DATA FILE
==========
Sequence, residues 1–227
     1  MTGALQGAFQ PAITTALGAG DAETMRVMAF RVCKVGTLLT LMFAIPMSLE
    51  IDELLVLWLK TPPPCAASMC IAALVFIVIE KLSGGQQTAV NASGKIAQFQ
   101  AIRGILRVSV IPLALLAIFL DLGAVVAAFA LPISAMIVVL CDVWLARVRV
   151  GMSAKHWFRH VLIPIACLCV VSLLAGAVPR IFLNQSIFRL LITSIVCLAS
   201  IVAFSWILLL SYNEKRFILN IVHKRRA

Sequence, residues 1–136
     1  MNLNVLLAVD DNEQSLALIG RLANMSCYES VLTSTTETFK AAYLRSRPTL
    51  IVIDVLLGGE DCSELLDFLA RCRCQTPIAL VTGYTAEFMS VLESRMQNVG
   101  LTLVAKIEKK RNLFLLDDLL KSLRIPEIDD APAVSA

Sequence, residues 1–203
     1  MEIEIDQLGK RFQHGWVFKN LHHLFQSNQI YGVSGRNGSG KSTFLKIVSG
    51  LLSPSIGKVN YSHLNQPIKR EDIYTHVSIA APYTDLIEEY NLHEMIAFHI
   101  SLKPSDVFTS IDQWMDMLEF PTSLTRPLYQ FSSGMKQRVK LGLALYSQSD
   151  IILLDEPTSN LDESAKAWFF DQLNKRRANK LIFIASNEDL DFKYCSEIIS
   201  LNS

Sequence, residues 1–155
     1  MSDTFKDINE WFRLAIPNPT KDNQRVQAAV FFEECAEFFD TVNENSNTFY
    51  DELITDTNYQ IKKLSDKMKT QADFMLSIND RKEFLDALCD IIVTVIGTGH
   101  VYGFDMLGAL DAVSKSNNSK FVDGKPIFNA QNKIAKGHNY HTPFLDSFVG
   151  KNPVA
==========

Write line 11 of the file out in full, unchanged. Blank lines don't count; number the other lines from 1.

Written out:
Sequence, residues 1–203